Shoulder Arthroscopy - SLAP Repair
Shoulder Treatments & Surgeries - Adelaide Orthopaedic Specialist
What is SLAP Tear?
SLAP stands for Superior Labrum (tear) from Anterior to Posterior, and a SLAP Tear may occur when the cartilage starts to separate from the bone in the shoulder. The patient will experience pain, a clicking feeling, and the shoulder will appear looser than normal.
SLAP Tears are common among sportsmen in sports where there is a lot of overhead throwing, workers with repetitive lifting duties, or you may suffer a SLAP Tear from a bad fall.
What may cause a SLAP Tear?
- Trauma to the shoulder – Maybe in a car or motorcycle accident.
- A fall on an outstretched arm – Think of a diving catch in cricket.
- A shoulder dislocation – Falls at home or playing sport.
- Heavy pulling on the arm – Parents catching a child, or labourers catching bricks.
Symptoms of a SLAP Tear
- Pain in the shoulder.
- Shoulder sticking, or clicking.
- Numbness, or a dead arm.
- A pinching sensation when you raise your arms.
- Loss of strength in the shoulder.
- Limited motion of the arm and shoulder.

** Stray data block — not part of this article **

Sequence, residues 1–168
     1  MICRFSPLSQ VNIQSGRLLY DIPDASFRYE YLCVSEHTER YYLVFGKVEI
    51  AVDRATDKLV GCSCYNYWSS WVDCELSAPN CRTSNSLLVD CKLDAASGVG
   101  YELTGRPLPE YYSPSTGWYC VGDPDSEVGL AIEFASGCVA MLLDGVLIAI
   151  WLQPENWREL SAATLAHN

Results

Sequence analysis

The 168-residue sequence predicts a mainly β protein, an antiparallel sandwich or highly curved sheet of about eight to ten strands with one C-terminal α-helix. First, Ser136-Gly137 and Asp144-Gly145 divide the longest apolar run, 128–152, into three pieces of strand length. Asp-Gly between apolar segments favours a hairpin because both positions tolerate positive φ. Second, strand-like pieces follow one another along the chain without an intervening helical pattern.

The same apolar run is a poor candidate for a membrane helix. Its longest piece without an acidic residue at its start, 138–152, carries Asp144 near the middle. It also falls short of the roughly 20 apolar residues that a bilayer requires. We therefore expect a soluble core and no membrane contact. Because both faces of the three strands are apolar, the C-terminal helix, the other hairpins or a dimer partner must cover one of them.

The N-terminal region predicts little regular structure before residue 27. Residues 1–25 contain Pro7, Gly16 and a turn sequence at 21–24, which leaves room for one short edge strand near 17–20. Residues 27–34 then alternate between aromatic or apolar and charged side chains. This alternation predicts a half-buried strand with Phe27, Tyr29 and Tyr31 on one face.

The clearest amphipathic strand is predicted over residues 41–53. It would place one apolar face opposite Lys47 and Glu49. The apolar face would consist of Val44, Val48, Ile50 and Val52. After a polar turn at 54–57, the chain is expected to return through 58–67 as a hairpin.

How do you treat a SLAP Tear?
It is unlikely that a SLAP Tear will heal itself, but symptoms might become less over time. A visit to the GP will likely include a treatment of analgesics, and placing your arm in a sling for a period of time.
Physiotherapy should help in the restoration of the movement in the arm, but will not restore the structural damage done by the injury.
If you are still suffering from pain after treatment, or if the SLAP Tear damage to the cartilage is severe, then surgical repair may be recommended.
If your SLAP Tear is joined by a Bankart Tear (anterior labral tear), or a dislocation of the shoulder, then it is likely that you will require surgery.
SLAP Tear Surgery
SLAP Tear Surgery is a common arthroscopic surgery scheduled to repair the damage to the labrum in the shoulder.
Arthroscopic surgery is minimally invasive surgery, and your surgeon will possibly trim the labrum, and then re-anchor it to the shoulder bone, in its original position.
Following surgery, your arm will be in a sling until fully recovered, and your surgeon will advise you of the full recovery procedure.